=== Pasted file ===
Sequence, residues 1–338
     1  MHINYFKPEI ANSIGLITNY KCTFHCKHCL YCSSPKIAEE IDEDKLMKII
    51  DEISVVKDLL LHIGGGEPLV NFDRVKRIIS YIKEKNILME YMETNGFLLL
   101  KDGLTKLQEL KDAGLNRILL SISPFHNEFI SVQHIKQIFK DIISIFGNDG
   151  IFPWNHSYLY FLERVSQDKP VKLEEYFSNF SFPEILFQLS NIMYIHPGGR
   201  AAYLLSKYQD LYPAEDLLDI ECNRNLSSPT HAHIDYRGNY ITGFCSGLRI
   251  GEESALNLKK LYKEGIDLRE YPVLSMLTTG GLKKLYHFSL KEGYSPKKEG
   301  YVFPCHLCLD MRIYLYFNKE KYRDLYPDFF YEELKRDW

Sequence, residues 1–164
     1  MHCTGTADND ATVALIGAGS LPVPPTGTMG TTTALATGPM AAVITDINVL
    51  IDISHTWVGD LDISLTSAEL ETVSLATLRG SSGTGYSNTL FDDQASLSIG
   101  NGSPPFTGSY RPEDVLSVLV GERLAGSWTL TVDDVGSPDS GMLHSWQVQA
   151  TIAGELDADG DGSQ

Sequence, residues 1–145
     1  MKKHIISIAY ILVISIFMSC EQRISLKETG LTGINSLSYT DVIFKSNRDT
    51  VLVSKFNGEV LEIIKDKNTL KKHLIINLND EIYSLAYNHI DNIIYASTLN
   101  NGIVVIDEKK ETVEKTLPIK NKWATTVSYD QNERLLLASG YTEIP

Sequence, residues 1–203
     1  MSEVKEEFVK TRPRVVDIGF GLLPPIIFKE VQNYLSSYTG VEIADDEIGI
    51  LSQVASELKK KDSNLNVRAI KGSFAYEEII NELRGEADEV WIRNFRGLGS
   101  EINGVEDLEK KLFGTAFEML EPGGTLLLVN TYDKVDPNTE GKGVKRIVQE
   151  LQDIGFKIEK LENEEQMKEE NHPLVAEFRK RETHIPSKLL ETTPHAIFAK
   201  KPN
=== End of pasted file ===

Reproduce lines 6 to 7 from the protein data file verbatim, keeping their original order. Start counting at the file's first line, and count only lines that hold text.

   201  AAYLLSKYQD LYPAEDLLDI ECNRNLSSPT HAHIDYRGNY ITGFCSGLRI
   251  GEESALNLKK LYKEGIDLRE YPVLSMLTTG GLKKLYHFSL KEGYSPKKEG